Social Cohesion and Politics in Israel- it’s complicated. The ADL Conference.

My most interesting experience this past week was going to the Anti Defamation League’s annual Social Cohesion Summit in Tel Aviv. The ADL is a non profit that seeks to combat antisemitism and fight for the rights of all people to live freely. As part of their mission in Israel, they seek to improve relations between Jews and Arabs, and mend divisions created by differences in religion, politics, etc between Jews, Arabs and Christians. 

It was a Ted type of event, full of speakers, important names, and group debates. 

The Keynote speaker was Benny Gantz, leader of the center Left Blue and White party. At the moment he is desperately trying to form a parliamentary coalition in order to lead the country. His message was that social unity would allow a unity government to form. A unity government is where each of the leading parties (Likud and Blue and White) share the role of Prime Minister.  However, both main parties have vowed at different times to never be in a coalition with the other. This leaves Gantz in a position of recruiting the Joint List (Arab Parties), into his coalition. Although partisans in America may say that their elected leaders are trying to dismantle America from the inside (be it ‘Fascist’ trump, or ‘Communist’ Bernie,) in Israel there are actually parties who seek to see it destroyed. Certain factions within the Joint list don’t affirm Israel’s right to exist and seek to dismantle the Jewish state. This last resort makes coalition forming harder. 

Subsequently, panels of former and current parliament leaders from all sides of the spectrum were interviewed. Moshe Gafni, a Haredi Rabbi and Parliament member complained that Gantz’ “Unity” narrative is disingenuous; Gantz seeks a liberal unity which means a government excluding the religious parties which tend to be more right wing. Ayelet Shaked, whose unique character is non- existent in American politics is a right wing superstar, feminist, and bridger of the gap between the Haredi Parties and left. She weighed in on a recent political row, wherein a community held an event in honor of an important Haredi rabbi and invited many political attendees. Men and Women were separated, and women were not allowed to sing or perform , as per ultra religious tradition. Her view was that the organizers had the right a private event in honor of a Rabbi with respect to his religious beliefs, even if they may be widely viewed as sexist. Nitzan Horowitz from the Democratic camp dissented however, remarking that social unity and integration of the Haredi community can never be achieved if the men are unwilling to talk to or even be in the same room with other women. 

The most interesting panel was called Arab Israelis; Separation or Exclusion. There are 1.8 million Arabs living within the green line who are full citizens of Israel and are ensured equal rights. Like many minorities within a majority society, these rights are not always realized. There were four people on the panel, One a Jewish Journalist who lives in a settlement, one a former Arab member of a Zionist party, one a Jewish Knesset member and one a member of the Joint List. So many interesting things were said that revealed divisions in israeli society and arab views on the future of the land between the Jordan River and the Mediteranian. The Arab member remarked that he is a Zionist and thus believes in a Jewish state, but that despite his beliefs and membership to a Zionist party, he was subjected to rascist attacks resulting in shame and his exit from politics. When asked if he would join the Joint List, he said he would not. The Jewish Knesset members felt that the ‘tragedy’ of Israeli Arabs is that most want to be integrated into society but they are kept separated by the actions and propaganda of the Joint List, who Identify with the PA, and identifies with terrorists and murderers. At this time, the Joint List member countered, positing that Israeli Arabs are not integrated because they don’t speak Hebrew and Vice Versa. Perhaps Israeli Jews and secular people should be learning Arabic. The final debate on the panel was about Illegal building. Land ownership in Israel is complicated to say the least. For a construction to be legal it has to be approved by the Israeli government before construction… usually. The Jewish former member of parliament stated that the Arabs have an issue in their villages of illegal construction. Immediately, the member of the joint list raised his voice and shot back; Don’t talk to me about illegal arab building! First, clean your own house of crazy settlement building! The reasons Arabs build illegally is because they aren’t granted legal permits in the first place! The woman who lived in a settlement then chimed in; I’m against both Jewish and Arab illegal settlement construction. As I learned last week in the bedouin village, Jewish settlements are often granted legality Post Ex Facto, whereas Arab constructions rarely are.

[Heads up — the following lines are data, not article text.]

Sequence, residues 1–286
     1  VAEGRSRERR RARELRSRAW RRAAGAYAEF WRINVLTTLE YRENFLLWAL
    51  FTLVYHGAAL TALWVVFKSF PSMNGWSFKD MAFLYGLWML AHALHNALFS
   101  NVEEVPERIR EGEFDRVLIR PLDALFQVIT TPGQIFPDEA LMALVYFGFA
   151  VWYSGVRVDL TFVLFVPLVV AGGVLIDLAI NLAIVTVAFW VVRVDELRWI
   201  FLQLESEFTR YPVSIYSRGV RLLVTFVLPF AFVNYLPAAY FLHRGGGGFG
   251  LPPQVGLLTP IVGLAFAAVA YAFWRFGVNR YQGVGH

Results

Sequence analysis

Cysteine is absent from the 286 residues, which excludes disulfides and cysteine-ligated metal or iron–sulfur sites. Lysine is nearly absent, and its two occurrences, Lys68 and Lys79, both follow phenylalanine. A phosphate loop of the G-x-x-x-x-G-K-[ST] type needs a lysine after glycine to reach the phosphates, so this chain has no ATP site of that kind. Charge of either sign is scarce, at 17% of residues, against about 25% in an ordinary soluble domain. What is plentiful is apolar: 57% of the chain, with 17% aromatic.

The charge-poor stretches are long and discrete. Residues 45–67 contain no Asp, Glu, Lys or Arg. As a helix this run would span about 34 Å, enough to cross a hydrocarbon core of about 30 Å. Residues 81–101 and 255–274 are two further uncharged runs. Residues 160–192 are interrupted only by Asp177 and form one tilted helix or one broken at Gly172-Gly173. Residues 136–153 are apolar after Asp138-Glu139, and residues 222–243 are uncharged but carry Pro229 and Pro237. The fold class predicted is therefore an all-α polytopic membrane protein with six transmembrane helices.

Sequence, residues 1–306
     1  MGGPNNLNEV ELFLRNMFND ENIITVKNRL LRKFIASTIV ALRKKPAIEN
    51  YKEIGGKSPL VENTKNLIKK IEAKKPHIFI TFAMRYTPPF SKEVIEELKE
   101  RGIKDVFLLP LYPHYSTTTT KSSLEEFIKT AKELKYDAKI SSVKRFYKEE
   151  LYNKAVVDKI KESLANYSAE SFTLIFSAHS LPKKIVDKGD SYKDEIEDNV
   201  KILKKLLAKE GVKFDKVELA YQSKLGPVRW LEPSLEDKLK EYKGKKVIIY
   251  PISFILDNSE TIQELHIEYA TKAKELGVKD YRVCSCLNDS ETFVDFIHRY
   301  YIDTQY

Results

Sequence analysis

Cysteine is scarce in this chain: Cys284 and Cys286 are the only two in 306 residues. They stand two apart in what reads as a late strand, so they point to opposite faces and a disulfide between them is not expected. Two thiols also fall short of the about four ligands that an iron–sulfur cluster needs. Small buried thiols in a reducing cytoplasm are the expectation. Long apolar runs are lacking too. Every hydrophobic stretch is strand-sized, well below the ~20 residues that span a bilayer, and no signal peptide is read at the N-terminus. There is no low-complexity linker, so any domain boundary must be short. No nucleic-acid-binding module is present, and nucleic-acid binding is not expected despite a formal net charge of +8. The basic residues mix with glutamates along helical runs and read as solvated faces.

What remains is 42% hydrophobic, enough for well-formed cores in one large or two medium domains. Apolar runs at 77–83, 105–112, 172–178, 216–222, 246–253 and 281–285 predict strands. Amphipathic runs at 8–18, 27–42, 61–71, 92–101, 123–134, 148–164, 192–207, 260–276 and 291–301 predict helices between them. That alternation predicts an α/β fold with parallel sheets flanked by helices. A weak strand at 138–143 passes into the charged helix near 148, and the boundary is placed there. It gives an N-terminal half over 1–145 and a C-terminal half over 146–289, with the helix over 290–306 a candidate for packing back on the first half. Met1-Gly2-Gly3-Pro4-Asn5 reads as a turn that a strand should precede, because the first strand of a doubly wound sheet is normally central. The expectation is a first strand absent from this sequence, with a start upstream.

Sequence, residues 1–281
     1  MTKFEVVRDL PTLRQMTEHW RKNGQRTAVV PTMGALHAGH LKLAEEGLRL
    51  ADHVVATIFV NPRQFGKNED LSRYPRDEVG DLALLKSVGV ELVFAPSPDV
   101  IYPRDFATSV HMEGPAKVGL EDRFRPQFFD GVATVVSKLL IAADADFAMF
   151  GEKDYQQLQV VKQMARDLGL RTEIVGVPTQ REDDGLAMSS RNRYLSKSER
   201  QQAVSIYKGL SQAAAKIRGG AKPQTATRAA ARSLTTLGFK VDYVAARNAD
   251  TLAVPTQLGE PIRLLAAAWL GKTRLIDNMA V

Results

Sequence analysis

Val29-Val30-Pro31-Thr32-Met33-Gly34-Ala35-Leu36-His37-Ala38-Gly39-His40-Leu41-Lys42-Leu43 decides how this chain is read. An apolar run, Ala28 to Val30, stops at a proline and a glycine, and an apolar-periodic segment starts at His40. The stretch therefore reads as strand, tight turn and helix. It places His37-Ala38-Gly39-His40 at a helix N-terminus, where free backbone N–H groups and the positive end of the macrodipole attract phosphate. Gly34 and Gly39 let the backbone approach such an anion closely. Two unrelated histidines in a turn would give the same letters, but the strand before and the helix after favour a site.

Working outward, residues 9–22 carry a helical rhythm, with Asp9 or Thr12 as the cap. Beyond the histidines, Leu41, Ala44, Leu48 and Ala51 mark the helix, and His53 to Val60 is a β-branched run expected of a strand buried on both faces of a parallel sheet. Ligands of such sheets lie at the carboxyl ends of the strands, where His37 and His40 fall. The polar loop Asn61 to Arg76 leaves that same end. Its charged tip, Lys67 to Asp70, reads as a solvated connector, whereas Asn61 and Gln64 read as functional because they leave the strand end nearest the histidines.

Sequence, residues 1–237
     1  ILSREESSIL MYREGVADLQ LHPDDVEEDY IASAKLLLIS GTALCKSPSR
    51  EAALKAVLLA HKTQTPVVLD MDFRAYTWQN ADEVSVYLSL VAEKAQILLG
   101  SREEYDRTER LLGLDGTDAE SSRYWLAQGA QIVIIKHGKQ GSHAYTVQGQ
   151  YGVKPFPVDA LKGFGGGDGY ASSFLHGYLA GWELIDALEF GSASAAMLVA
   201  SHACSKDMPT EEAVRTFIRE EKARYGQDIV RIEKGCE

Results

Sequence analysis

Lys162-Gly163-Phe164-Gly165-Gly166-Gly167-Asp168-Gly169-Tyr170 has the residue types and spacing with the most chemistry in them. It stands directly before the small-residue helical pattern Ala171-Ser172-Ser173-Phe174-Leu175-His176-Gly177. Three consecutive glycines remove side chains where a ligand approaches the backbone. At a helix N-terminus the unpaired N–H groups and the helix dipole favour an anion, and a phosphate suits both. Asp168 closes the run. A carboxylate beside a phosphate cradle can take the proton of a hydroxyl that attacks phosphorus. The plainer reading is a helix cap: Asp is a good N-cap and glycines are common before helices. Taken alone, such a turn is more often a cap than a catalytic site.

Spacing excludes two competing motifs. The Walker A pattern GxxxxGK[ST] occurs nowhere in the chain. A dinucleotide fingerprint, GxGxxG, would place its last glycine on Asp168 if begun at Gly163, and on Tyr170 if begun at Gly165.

I left that day with my head bursting, affirmed in my conviction that it is impossible to understand this country from the outside. In the knesset, men who won’t hear another woman sing sit across from women who seek to legalize civil unions and gay marriage. Members of the right wing parties who wrote the nation state law saying that Israel is for the Jewish people sit beside members of the Joint List who deny the right of the very country they serve, Israel, to exist. In the knesset, the feminist superstar comes from the right bloc and the champion of the left bloc was a career army guy. The contradictions in the Knesset represent the vast diversity of opinion and experience in Israeli society. This is a good thing.